Japan’s guidelines on nightlife business ops unveiled to stem virus spread

TOKYO :The guidelines on such establishments as so-called host clubs where women pay to talk to male employees over drinks and snacks come as new infections in Tokyo are being traced to such places. The new rules were also made public before nightclubs and similar entertainment establishments reopen from June 19.

Operators of nightlife establishments will have to keep a record of their customers’ names and contact information and ensure social distancing rules as part of measures to contain the spread of the coronavirus, according to guidelines released by the government on Saturday.

Economy minister Yasutoshi Nishimura urged the businesses to reopen by taking proper countermeasures against COVID-19. “It’s an effort to protect the lives of employees and customers,” he told a press conference.

Nishimura made the guidelines public as the government is trying to strike a balance between reopening businesses and preventing a second wave of infections, with some of the recent new infections being traced to nightlife establishments.

Following a downward trend in the number of new COVID-19 cases, the state of emergency declaration was fully lifted on May 25. But new cases have increased to double digits in June.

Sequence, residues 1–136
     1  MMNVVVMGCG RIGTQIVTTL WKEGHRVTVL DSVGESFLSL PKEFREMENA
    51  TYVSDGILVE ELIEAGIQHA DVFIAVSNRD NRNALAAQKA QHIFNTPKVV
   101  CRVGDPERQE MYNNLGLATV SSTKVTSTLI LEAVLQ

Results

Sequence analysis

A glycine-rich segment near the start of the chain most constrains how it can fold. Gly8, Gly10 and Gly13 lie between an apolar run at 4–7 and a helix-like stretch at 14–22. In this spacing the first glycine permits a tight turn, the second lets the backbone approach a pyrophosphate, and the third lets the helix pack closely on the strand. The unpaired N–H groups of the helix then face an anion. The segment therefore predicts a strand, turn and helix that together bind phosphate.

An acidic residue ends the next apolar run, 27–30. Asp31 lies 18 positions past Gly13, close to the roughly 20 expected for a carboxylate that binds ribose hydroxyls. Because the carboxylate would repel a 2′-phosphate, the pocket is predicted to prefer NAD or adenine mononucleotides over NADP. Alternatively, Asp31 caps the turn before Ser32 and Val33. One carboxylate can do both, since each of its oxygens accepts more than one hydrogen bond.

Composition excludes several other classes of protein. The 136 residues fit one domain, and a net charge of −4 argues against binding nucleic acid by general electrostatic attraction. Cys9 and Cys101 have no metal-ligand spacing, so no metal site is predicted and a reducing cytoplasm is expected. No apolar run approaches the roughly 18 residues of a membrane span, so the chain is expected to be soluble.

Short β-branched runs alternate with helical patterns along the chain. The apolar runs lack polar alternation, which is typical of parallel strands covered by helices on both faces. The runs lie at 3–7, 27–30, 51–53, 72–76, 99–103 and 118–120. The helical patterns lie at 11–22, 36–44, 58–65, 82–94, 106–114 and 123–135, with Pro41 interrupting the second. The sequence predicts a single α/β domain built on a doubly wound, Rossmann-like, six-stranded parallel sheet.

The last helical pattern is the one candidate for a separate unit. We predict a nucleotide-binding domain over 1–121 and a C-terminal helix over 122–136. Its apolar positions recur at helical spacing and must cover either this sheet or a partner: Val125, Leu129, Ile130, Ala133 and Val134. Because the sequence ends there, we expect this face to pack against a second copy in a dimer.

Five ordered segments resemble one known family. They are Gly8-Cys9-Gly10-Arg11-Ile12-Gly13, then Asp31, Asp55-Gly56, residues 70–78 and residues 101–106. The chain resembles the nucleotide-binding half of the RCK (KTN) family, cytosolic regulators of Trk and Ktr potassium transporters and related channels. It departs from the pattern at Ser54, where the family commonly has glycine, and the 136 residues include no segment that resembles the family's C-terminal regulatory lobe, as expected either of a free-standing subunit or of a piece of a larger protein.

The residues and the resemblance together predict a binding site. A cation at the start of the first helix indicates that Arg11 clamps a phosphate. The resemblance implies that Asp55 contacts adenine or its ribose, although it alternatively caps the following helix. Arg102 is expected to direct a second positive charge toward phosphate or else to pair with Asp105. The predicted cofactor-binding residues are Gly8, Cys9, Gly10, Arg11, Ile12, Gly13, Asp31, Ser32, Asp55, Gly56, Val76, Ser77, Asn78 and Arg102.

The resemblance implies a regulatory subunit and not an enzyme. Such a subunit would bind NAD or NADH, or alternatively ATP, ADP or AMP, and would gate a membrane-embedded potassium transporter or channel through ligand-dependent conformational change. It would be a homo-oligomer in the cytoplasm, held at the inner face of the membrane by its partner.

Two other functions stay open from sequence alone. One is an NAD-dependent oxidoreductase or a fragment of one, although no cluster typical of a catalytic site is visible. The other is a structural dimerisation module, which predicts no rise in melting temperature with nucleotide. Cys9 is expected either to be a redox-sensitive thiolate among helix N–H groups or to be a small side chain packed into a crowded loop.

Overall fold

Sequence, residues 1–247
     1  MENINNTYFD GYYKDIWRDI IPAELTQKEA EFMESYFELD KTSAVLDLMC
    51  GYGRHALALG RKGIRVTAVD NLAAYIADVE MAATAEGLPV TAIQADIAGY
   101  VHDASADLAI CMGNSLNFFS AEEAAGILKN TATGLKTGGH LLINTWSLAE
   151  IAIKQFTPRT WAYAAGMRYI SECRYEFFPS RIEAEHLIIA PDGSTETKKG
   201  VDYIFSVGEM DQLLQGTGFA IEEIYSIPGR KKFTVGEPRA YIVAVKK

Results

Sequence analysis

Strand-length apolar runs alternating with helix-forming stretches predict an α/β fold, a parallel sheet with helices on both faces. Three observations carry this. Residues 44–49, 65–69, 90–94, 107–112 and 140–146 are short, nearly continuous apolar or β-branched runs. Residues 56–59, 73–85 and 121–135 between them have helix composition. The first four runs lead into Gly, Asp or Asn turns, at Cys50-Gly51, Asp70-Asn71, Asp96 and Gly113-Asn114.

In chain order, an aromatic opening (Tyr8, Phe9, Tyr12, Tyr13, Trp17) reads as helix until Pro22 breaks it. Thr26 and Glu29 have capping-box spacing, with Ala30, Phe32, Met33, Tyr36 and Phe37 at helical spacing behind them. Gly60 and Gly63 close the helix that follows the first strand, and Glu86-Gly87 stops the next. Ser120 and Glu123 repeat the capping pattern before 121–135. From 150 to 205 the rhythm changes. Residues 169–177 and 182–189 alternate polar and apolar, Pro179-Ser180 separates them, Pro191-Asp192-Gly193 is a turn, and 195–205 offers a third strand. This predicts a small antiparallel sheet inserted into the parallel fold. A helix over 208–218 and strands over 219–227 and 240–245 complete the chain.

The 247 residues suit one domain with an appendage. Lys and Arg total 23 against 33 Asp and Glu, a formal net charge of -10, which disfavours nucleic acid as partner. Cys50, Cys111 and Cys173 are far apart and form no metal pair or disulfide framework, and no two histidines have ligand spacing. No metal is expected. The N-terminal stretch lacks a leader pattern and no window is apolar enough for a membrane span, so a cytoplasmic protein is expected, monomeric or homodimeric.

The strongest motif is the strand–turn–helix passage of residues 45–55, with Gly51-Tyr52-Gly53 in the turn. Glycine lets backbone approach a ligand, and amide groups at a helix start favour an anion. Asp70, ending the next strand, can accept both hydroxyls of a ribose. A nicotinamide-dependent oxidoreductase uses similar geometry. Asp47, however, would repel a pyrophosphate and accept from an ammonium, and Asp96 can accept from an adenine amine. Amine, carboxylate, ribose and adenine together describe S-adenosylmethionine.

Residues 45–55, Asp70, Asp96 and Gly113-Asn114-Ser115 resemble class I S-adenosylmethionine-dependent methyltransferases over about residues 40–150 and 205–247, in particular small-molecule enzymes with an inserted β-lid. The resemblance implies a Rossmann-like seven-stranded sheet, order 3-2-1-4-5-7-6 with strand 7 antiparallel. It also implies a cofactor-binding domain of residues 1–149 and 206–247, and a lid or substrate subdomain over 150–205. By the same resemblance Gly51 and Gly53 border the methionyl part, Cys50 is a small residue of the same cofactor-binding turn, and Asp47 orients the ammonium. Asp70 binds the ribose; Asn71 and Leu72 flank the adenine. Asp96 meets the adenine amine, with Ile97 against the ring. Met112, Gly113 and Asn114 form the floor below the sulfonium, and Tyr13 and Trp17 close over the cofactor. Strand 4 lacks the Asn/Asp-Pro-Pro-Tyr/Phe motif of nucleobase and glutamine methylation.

Tokyo saw 24 new cases of COVID-19 infections Saturday, with four cases from nightlife spots in the Shinjuku entertainment district, bringing the total for the capital to 5,497.

The government asked the operators of nightclubs and similar establishments to list customers’ names and contact information hoping it would make it easier to trace infection routes. Other measures in the guidelines included maintaining a distance of at least 1 meter and implementing the use of face masks or face shields.

Nightlife venues such as host clubs and hostess bars are being asked to ensure their staff members refrain from singing and dancing beside their customers.

As for live music venues, high-fives with the audience are to be avoided, while nightclubs are urged to adjust the volume of music to the minimum level to prevent customers from talking loudly and thus protect them against catching droplets in face-to-face socializing.

But challenges remain on the implementation of the guidelines, compiled by the three sectors, as obtaining customers’ contact information will be left up to the establishments, and there is also a risk that customers could give false information.


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